You'd probably expect that a film with this title would have a lot to do with either a war, or apes—or heck, even a planet. While it does contain many of those as key elements, War for the Planet of the Apes is primarily a human drama.
It begins with a brief recap of the previous two films to get folks caught up—though if you haven't seen either, there's still plenty of content to be enjoyed. We then jump right into the thick of things with a forest-based action sequence, which then causes a chain reaction of events that makes up most of the movie. I'm going to refrain from saying too much more about any of the plot since the trailers did a good job of evoking a feeling of conflict, but without any of the key factors behind it.
2014 doesn't seem all that long ago, but after you see how the apes are rendered this time around, you'd have thought that at least a decade had passed since Dawn of the Planet of the Apes.
I found it difficult to distinguish whether or not CGI was being used, or the world's greatest makeup and costume design team put in major work. This isn't a typical Michael Bay summer flick in which there are more unnecessary uses of special effects than there are lines of dialogue. We instead have practical aesthetics that don't distract.
For the first two thirds or so, the film felt like classic action cinema. You've got a healthy dose of characters driven by rage and emotion, all the while booming, thematic music blares in the background. It then transitions towards more of a heist or getaway vibe. It does feel a bit jarring, but the supporting cast of characters do well to help guide viewers through the film's various tonal shifts.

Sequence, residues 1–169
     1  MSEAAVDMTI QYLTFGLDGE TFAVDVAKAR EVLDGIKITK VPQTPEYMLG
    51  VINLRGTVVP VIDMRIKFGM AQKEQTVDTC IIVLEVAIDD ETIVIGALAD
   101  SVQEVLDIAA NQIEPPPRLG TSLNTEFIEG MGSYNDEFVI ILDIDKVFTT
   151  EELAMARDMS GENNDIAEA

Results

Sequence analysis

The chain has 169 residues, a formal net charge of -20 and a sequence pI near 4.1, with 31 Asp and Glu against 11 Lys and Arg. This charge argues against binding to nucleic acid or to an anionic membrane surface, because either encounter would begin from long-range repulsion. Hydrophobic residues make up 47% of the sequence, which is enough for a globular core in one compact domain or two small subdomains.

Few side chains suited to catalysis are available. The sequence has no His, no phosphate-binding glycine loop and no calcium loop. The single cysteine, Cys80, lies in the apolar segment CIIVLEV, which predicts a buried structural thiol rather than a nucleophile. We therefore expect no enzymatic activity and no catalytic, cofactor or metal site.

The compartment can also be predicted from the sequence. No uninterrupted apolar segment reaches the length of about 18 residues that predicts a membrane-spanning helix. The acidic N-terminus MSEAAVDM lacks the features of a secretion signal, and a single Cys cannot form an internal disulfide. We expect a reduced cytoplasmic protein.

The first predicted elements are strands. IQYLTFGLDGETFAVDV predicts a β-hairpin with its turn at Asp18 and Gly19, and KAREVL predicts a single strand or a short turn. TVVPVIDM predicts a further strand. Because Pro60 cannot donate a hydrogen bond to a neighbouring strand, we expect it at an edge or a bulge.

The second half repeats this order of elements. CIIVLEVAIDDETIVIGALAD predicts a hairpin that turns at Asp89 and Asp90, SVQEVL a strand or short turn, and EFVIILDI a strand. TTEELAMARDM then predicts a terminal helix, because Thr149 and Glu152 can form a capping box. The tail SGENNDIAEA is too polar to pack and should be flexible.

Andy Serkis once again puts forth a standout performance as the leader of the apes, Caesar. On the surface we see these powerful, hulking creatures—but beneath, a wealth of conflicted emotions. Dialogue from apes was used very sparingly, with each line being deliberate and significant.
(Has there ever been a best actor Oscar nomination for a CGI character?)
While War for the Planet of the Apes doesn't bode particularly well as an action movie with loads of battle sequences, it does an exceptional job of building drama towards eventual set pieces. Serkis puts in a memorable last performance as he sunsets the character Caesar, and what's presumed to be the conclusion of the Apes trilogy. War for the Planet of the Apes may not have one key thing that audiences can point to that made it worthwhile to see, but it does a fantastic all-around job and is well worth the price of admission.
1-2: Horrendous, wouldn’t recommend watching even if free of charge.
3-4: Potentially has some good ideas, but overall still lackluster.
5-6: Average, a decently good time; go see it if it's free.
7-8: A solid recommendation, and well-rounded film; warrants a purchase after home release.
9: No glaring flaws; deserves to be watched multiple times.
10: Masterful, must-see; filmmaking at its finest.